State High School Journalism Group Honors Long-Time Friend of Student Press for 'Exemplary Contributions'
Attorney Mike Hiestand was recently recognized for his years of legal assistance to students and teachers by the Washington Journalism Education Association. In related news, he has also announced his dream for a national “Tinker Tour” with free speech champion Mary Beth Tinker to remind the next generation of the value of free speech and a strong, independent press.
Ferndale, Wash. (PRWEB) November 01, 2012
The Washington Journalism Education Association (WJEA) recognized attorney Mike Hiestand for his years of legal assistance to students and teachers involved with the scholastic press in Washington state and across the U.S. at its annual Journalism Day on the University of Washington campus, Sept. 20.
Working for more than 20 years with the Student Press Law Center near Washington D.C., Hiestand provided legal assistance to nearly 15,000 high school and college student journalists. After moving to Washington state in 2003, where he founded Zenger Consulting, he continued to work with the SPLC while keeping an active public speaking schedule across the country on issues relating to the scholastic press.
“Mike is considered a foremost authority on student press law, and co-authored ‘Law of the Student Press' now in its fourth edition. This is a must-have for anyone teaching student media in the U.S. today,” said WJEA executive director Kathy Schrier.
“Whenever my journalism students or I needed legal or ethical advice, Mike was there. His passion and dedication to student journalists' rights and responsibilities have inspired thousands of students and advisers and, frankly, protected and preserved a free and open press for generations to come,” said WJEA Past President Vince DeMiero.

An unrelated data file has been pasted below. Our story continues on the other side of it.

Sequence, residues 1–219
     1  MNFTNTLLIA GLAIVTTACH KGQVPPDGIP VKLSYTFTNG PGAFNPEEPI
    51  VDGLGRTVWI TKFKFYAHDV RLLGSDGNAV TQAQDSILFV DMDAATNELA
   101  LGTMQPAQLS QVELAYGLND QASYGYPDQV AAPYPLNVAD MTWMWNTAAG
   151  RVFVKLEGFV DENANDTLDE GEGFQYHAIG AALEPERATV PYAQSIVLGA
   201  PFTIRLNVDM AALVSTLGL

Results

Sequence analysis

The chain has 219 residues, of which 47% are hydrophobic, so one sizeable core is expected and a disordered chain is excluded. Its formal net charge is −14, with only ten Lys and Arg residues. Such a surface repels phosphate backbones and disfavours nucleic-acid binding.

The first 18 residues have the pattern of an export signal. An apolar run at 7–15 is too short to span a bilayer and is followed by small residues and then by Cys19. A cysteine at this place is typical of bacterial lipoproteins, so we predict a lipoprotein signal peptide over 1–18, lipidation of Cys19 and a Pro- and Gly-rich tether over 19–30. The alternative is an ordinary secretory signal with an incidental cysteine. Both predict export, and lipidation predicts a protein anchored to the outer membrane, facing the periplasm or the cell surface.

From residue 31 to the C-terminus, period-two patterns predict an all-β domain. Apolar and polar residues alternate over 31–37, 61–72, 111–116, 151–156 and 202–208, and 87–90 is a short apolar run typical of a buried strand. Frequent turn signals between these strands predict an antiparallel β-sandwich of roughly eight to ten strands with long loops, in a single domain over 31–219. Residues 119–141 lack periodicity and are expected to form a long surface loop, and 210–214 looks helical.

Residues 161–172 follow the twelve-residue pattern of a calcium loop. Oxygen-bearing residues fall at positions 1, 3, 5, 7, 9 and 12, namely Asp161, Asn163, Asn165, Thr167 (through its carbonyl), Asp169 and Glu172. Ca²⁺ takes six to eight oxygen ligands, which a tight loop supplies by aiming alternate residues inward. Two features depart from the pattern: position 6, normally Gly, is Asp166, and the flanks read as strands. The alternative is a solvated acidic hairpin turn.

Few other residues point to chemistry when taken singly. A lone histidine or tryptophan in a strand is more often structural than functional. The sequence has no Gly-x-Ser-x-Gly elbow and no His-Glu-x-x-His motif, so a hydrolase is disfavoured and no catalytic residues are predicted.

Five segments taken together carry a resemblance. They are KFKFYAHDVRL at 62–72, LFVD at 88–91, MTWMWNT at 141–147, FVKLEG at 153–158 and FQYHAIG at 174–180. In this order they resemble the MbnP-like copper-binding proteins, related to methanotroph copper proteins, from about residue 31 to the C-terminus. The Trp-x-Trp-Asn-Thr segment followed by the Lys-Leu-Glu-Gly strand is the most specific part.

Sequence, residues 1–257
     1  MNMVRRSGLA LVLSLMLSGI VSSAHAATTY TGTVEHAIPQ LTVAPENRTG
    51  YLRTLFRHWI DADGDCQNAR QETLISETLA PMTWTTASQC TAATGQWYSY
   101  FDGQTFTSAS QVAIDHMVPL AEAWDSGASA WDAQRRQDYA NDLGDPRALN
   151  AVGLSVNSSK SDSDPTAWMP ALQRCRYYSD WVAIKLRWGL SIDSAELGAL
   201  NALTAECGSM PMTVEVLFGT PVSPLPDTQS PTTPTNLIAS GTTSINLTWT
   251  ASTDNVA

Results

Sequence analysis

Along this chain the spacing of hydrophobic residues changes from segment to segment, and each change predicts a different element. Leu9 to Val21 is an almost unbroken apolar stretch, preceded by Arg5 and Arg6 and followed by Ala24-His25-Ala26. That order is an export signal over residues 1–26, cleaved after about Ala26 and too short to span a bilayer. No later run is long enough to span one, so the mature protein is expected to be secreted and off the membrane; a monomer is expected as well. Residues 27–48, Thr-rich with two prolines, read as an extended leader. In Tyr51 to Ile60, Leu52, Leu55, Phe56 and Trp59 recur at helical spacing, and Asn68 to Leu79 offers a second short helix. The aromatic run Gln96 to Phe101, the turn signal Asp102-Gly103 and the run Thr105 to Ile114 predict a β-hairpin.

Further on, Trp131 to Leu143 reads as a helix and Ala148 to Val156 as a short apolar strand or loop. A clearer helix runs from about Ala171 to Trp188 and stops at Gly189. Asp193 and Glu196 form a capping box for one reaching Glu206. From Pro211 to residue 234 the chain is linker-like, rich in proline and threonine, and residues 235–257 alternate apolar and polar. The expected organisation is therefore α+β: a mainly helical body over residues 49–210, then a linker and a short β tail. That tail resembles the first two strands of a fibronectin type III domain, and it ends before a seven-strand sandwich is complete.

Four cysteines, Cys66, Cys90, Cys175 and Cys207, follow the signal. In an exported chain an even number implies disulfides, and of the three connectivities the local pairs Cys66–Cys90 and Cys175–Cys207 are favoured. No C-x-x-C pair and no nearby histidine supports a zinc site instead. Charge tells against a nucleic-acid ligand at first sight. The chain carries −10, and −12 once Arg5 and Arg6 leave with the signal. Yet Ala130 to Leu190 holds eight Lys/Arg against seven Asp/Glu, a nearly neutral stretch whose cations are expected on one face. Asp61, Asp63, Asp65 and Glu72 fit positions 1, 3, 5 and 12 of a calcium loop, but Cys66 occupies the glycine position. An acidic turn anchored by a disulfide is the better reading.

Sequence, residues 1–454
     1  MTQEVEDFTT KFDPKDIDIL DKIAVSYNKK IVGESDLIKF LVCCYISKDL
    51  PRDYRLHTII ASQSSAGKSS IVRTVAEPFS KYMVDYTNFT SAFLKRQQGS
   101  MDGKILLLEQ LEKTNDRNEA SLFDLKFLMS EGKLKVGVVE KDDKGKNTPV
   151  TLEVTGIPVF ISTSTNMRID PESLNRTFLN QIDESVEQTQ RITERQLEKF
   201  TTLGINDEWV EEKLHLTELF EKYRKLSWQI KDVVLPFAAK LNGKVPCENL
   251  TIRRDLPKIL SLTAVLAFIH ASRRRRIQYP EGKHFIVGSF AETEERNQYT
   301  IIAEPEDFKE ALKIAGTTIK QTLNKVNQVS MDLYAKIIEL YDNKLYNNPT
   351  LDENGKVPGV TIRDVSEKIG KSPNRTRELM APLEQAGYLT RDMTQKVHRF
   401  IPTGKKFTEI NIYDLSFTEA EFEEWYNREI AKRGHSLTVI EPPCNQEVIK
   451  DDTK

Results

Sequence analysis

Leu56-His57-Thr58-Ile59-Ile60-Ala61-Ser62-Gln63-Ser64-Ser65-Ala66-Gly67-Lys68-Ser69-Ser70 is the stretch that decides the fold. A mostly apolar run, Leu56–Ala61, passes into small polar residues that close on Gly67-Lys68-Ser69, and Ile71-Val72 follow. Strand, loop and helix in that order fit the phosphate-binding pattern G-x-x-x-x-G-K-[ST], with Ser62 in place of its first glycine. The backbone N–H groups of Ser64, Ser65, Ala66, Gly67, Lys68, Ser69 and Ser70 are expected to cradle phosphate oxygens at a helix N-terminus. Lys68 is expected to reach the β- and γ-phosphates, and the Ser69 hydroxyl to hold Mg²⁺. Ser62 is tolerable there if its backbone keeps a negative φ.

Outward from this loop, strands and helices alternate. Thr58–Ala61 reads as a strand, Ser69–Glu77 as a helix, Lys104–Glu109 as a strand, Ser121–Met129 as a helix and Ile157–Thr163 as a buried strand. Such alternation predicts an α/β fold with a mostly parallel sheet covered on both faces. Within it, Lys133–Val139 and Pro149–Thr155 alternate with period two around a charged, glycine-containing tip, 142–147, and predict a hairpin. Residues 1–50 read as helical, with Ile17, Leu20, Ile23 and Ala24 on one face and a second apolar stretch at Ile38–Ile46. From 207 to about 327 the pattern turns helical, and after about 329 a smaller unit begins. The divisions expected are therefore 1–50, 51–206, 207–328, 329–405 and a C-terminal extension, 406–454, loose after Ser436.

Hiestand was also recognized for his work last month by the Society of Professional Journalists at their national convention in Ft. Lauderdale, Fla.
Hiestand resigned full-time from the Student Press Law Center this year and is currently working with his brother at Houstory Publishing, a company they founded together in 2007.
But Hiestand, who continues to work with the Student Press Law Center as their special project attorney, says he's not done sharing his passion for free speech with young people.
Hiestand says his other very big dream is to take a bus tour across the country with Mary Beth Tinker and speak to young people about the value of free speech generally and a free, independent press specifically.
Tinker was one of the plaintiffs in a landmark 1969 Supreme Court ruling that upheld the First Amendment rights of students to protest the Vietnam war by wearing a black armband to school.
“Mary Beth and I have talked about it. We've got to work out the details, but the important thing is that we'd both like this to happen. And we're willing to sleep on a bus to do it!”
Hiestand said Tinker told him recently that she's been thinking about pulling back a bit from her nursing career and working more with young people.
“We're still in the dream phase,” Hiestand said, “but we've started looking for a sponsor — our real life ‘angel investor.' I think it would make for a remarkable return on investment for anyone truly interested in civics education.”
He said that his two decades working with schools and young people left him with a sobering realization about the value placed on teaching our next generation about how America works.
“Civics education in our schools is on life support. Schools don't teach it; young people don't get it and multiple polls and studies have reflected that sobering reality,” he said.
Hiestand said the “Tinker Tour,” as he calls it, would be kind of like the popular GoDaddy commercial now airing. Mary Beth, he said, would be out front, giving her wonderful, inspirational story about the importance of people — young and old — standing up to make their voices heard – and he'd be the “geek” on the inside providing some of the more nitty-gritty details about the law and how to work with it.
“I think it would be a very effective combination to reach our next generation and remind them what's at stake,” Hiestand said.
But Hiestand joked that while Mary Beth might be the star, “We'd both need to drive the bus.”
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